“The state of California has the power to ban a product based on the outcome of the reevaluation,” Weston said, “but I don’t think anyone is expecting that to occur. More likely there will be further regulations pertaining to the use of pyrethroids.”
Also, the EPA this year is reevaluating pyrethroids as part of its 2010 pesticide review. The EPA systematically evaluates all registered pesticides every 15 years. Potential outcomes include banning pyrethroids in certain areas, tightening policies or no change to the regulations. However, the EPA process will take another six to eight years.
In the meantime, there are some alternatives for consumers. Barr suggests products extracted from vegetables and herbs or planting chrysanthemums around the garden. Natural pyrethrins found in chrysanthemum plants do not persist in the environment like the synthetic versions do. Another option for killing some pests is boric acid.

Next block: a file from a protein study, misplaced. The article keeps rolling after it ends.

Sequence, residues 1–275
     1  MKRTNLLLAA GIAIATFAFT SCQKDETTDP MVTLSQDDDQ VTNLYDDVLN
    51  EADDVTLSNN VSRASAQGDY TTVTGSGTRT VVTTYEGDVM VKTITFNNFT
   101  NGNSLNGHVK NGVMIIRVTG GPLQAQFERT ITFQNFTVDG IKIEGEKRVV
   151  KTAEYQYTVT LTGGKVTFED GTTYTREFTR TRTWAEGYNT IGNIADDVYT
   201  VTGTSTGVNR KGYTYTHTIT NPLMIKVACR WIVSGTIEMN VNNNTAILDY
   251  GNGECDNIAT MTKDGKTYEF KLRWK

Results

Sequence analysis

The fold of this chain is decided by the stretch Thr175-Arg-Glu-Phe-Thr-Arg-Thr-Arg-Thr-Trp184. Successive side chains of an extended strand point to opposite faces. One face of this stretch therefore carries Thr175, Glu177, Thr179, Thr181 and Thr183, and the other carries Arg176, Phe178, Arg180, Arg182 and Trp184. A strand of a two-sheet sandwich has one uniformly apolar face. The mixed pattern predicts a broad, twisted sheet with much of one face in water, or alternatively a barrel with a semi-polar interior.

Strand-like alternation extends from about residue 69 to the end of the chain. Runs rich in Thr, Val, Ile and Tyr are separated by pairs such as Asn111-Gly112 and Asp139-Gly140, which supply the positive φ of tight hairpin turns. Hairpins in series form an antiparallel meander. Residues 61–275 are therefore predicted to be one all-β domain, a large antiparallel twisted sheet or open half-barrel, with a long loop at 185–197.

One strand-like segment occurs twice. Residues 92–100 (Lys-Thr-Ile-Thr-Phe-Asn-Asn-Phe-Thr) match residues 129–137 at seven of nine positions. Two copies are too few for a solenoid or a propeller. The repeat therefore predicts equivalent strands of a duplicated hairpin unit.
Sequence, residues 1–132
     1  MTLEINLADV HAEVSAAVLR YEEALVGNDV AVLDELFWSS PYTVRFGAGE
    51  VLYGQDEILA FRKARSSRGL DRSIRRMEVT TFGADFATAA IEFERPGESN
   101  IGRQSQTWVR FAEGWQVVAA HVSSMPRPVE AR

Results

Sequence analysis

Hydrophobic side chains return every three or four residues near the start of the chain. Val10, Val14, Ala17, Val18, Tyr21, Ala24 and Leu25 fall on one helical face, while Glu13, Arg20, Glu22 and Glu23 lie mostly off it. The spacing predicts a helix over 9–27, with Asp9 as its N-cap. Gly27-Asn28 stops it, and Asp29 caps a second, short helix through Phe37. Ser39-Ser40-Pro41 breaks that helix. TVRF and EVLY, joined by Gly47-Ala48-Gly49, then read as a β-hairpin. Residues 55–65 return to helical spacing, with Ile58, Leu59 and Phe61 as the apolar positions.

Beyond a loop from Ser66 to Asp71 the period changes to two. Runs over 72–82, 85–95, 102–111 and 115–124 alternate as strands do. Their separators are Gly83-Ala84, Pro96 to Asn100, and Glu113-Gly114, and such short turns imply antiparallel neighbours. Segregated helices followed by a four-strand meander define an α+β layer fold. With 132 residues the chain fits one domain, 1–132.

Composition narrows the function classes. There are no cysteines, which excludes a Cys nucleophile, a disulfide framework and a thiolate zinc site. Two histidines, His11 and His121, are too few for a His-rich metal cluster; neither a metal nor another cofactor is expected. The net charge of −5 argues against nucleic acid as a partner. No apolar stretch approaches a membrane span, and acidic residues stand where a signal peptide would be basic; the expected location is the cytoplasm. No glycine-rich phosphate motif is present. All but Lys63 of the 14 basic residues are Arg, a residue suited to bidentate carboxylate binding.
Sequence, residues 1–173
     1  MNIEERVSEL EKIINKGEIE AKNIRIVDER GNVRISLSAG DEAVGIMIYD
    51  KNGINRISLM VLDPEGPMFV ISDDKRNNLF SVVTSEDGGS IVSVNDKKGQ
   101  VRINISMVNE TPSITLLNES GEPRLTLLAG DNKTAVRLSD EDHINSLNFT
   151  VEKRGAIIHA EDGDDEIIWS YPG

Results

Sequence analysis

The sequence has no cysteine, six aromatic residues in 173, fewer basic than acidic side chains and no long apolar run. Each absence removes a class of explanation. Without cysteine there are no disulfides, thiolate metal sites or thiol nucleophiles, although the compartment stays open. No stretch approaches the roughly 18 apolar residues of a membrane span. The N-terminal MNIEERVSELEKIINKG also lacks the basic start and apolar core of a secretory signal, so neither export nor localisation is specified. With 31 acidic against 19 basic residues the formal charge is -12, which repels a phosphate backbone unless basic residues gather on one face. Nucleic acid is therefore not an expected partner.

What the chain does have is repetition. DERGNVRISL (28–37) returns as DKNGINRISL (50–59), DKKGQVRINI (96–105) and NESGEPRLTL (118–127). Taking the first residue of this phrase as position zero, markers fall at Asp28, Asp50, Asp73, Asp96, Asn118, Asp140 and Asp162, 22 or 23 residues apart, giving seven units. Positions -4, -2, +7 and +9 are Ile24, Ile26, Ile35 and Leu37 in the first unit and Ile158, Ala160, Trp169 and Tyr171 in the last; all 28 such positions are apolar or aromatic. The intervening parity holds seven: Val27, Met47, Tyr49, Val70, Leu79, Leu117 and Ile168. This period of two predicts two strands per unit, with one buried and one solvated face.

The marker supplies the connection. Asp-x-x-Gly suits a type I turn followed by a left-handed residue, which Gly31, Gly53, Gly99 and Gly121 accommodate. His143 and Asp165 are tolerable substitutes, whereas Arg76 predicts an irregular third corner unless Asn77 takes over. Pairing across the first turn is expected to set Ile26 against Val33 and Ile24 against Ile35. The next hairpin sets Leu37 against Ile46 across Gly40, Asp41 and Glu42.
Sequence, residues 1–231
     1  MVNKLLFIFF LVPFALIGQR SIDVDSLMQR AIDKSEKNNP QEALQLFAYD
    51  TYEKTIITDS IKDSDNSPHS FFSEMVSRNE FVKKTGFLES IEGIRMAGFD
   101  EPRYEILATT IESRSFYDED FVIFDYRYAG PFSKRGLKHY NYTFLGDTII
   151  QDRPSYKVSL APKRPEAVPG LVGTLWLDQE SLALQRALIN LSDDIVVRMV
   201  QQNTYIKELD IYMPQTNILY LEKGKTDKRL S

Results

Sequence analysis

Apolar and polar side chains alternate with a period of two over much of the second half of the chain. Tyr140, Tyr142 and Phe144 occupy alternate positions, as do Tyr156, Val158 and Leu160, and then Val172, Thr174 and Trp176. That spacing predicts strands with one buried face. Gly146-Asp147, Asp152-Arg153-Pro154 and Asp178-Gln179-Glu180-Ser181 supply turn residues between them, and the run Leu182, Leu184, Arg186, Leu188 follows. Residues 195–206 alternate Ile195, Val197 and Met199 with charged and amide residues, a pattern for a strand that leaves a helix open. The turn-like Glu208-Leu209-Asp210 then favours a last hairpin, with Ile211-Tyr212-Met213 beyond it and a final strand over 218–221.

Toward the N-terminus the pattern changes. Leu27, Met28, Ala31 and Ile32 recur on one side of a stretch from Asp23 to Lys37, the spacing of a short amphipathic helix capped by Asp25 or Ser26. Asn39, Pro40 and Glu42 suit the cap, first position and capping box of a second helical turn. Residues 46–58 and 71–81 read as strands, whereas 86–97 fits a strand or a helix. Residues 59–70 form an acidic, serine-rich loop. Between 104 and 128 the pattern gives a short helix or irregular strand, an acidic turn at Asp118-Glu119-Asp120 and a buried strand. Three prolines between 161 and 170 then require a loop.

Also, an insecticide called fipronil has partially replaced pyrethroids for controlling termite and ant infestations in some areas. Like pyrethroids, fipronil is far less toxic to birds and mammals than other insecticides, but can still kill small aquatic life.
Weston says switching to another chemical is not the solution: he believes people need to fundamentally change how they use pesticides. Many people apply so much to their yards and gardens that the chemicals flow into waterways.
“I think it’s a good idea to minimize pesticide exposure of any sort, not only because of what we know, but because of what we don’t know,” Weston said. “I don’t think a lot of those products are needed. The less you can use them, the better.”
This article originally ran at Environmental Health News, a news source published by Environmental Health Sciences, a nonprofit media company.